Perhaps you’ve noticed the cost of nearly everything is going up. The Bureau of Labor Statistics Consumer Price Index, the agency that calculates the U.S. inflation rate, is predicting a very high inflation rate for 2021. Our annual inflation rate at the end of May was running at 5 percent. That is the highest rate since 1981, when the average for that year was 10.3 percent.
Here’s the deal: We can either stick our heads in the sand and pretend that nothing has changed, or we can get smart and fight back.
Which brings me to the point of this column: to revisit the most effective ways to cut the cost of groceries and then make sure we are practicing them with determination and vengeance.
Shop the Sales
Check grocery ads for specials, then base your week’s meals on what’s on sale. The closer you can stick to buying only what’s on sale, the more you’ll cut your costs.
Don’t Shop Hungry
You will be compelled to buy everything in sight regardless of what’s on your list if you arrive at the store hungry. Tip: If you can’t avoid it, head to the bakery and pick up a cookie, or grab a protein bar on your way in. That will be enough to silence your hunger and clear your mind.
Leave the Kids at Home
You will stick to your shopping list and complete your mission with less frustration and stress if you fly solo.
Cook From Scratch
Cooking and baking using raw ingredients rather than those that are highly processed or prepared is one of the most effective ways to slash food costs.
Pinch of Salt
Sounds weird, I know but this really works: Add a pinch of table salt to a new container of milk when you first open it. Shake well to mix. Because salt retards the growth of bacteria that makes milk turn sour, just a pinch of salt will increase the useful life of milk by days, even weeks. Don’t worry, such a small amount will not alter the taste or be detectable in any way.
Stretch Concentrated Fruit Juice
Always add one can of water more than the instructions state. You will be pleasantly surprised when you detect little difference, if any.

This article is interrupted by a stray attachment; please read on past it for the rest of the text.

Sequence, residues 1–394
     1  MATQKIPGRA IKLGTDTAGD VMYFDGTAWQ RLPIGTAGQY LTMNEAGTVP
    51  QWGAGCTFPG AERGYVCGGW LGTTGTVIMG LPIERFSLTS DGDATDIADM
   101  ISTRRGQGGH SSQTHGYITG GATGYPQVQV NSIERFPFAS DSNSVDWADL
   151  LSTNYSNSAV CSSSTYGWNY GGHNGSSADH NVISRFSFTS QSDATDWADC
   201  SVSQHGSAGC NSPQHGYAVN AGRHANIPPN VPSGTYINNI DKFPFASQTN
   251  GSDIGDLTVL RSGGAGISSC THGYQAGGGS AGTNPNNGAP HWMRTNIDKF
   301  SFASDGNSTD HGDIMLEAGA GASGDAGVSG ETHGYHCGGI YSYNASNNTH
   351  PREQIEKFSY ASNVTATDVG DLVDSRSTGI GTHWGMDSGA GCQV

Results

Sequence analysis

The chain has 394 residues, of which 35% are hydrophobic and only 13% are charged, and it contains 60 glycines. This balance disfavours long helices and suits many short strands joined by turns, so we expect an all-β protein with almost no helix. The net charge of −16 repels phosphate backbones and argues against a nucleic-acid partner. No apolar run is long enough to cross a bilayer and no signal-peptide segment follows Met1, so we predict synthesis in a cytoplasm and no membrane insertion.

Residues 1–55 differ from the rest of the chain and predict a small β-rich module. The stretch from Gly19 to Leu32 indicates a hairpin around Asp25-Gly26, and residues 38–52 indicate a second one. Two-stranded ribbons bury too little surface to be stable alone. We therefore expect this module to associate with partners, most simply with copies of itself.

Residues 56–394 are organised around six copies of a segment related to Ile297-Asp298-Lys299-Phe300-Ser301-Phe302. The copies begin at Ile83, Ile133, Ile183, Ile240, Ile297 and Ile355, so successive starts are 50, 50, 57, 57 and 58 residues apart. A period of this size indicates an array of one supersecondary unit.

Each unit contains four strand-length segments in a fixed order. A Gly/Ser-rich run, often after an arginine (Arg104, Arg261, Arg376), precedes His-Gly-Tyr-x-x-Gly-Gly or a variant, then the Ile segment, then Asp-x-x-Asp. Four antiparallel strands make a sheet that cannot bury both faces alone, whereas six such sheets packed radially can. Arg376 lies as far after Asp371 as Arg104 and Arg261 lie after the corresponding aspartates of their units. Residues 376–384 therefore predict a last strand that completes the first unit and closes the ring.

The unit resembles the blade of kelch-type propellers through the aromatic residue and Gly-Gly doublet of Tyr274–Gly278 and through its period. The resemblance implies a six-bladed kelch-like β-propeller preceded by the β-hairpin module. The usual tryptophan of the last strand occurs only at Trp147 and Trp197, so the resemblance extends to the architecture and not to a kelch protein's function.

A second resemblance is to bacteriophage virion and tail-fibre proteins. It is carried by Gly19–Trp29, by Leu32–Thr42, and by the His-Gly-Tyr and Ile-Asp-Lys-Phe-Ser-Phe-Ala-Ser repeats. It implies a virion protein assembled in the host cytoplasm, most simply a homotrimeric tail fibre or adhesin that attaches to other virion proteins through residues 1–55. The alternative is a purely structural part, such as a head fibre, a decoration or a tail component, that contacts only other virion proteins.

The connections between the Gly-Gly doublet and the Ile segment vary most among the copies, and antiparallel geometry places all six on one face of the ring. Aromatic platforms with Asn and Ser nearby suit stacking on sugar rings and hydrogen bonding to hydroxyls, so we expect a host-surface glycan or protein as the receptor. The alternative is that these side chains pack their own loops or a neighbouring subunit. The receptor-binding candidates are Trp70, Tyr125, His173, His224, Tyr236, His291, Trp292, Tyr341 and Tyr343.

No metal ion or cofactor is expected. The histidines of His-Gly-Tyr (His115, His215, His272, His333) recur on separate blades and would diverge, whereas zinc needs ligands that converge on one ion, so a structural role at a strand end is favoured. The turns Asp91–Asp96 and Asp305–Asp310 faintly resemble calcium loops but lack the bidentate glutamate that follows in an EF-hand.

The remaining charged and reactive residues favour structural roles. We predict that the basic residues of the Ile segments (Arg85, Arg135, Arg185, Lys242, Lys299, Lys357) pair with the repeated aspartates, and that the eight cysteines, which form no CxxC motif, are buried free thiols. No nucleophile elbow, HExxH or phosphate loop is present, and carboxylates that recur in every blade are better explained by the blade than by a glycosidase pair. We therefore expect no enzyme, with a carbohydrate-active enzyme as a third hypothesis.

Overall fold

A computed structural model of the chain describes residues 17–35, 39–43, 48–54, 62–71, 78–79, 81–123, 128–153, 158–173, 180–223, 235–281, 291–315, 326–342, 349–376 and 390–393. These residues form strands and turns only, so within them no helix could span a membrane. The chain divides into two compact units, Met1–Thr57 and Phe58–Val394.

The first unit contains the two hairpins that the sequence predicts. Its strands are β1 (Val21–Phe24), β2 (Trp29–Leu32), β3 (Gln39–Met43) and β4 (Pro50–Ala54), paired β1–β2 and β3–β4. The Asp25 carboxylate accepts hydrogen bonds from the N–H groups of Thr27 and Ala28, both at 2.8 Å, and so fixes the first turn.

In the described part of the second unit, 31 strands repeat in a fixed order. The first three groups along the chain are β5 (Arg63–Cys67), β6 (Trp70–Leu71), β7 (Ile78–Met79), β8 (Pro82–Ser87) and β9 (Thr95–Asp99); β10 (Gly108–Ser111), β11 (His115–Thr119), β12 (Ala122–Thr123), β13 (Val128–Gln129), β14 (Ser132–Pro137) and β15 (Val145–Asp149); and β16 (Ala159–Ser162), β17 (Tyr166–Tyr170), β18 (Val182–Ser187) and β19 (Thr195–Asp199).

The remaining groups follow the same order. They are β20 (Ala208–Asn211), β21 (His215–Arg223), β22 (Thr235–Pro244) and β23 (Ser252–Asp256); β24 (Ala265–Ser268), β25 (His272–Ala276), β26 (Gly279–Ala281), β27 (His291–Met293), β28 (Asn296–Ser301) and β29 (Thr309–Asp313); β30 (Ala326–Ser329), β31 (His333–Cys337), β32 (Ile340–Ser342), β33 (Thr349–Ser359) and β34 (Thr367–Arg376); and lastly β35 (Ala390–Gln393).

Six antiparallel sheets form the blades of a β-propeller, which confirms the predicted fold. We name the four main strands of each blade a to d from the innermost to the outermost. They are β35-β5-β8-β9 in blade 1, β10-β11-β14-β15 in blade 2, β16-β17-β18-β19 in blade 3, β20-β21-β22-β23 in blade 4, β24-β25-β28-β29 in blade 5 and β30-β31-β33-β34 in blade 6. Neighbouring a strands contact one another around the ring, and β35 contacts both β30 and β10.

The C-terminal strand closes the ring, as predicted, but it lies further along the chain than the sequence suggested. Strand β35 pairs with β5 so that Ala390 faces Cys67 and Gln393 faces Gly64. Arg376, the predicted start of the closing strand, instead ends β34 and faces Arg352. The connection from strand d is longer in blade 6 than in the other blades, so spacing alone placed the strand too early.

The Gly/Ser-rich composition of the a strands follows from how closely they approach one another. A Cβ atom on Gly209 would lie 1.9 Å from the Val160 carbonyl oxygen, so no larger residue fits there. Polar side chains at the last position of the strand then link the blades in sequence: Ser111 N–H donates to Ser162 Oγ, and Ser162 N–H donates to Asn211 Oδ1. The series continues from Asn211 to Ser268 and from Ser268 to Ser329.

Your doctor will love you, and so will your food bill, as you replace carbonated sugary beverages with inexpensive water. Keep a pitcher of chilled water in the fridge. Rave about its wonderful qualities to your young children. They’ll think it’s a treat if you are convincing enough.
Eliminate Choices at Meals
Find yourself making a variety of menus to please everyone at the table? It might be time to move to a single menu. Let the family know that from now on there will be only two choices: Take it or leave it.
Consider Generic and Store Brands
Some generic items are awful and others are exactly the same product as the name brand. Do some experimenting, especially if your store offers “satisfaction guaranteed!” If you don’t like it, get a refund or an exchange.
Shop the Perimeter of the Store
This is where you will typically find the produce, meat, and dairy. The center aisles are the prepackaged and preprocessed high-priced items, aka the danger zone.
Keep a Price Book
Start keeping a notebook that lists the prices of regularly purchased items at various stores. Keep it with you so that as you see specials or ads, you’ll be able to determine whether it is really a bargain or not.
On Wednesdays, most supermarkets reduce prices on food that is about to expire, according to several studies. This is also the day that the majority of stores start their new sales.
Even if you think you must get to the supermarket because there’s nothing to eat in the house, wait. Hold up. Pretend you’re stranded on an island with truly nothing to eat but what you have in the pantry, refrigerator, and freezer. Chances are pretty good you’ll come up with something, using up what you have already, thereby putting more time between shopping trips.
Even if it is priced per item, weigh it. You won’t believe the difference in weight of the pre-bagged carrots, for instance. Even with a weight printed on the bag, the real weight may be quite different (and it can be, provided it is not less than printed). Heads of lettuce priced individually can differ in weight by as much as half a pound.
Have I missed your favorite method to cut the cost of food? Send it to me, firstname.lastname@example.org. I will compile all of your great ideas for a future column. Thanks!
Mary Hunt is the founder of EverydayCheapskate.com, a frugal living blog and the author of the book “Debt-Proof Living.” Mary invites you to visit her at her website, where this column is archived complete with links and resources for all recommended products and services. Mary invites questions and comments at EverydayCheapskate.com/contact, “Ask Mary.” Tips can be submitted at Tips.EverydayCheapskate.com. This column will answer questions of general interest, but letters cannot be answered individually. Copyright 2021 Creators.com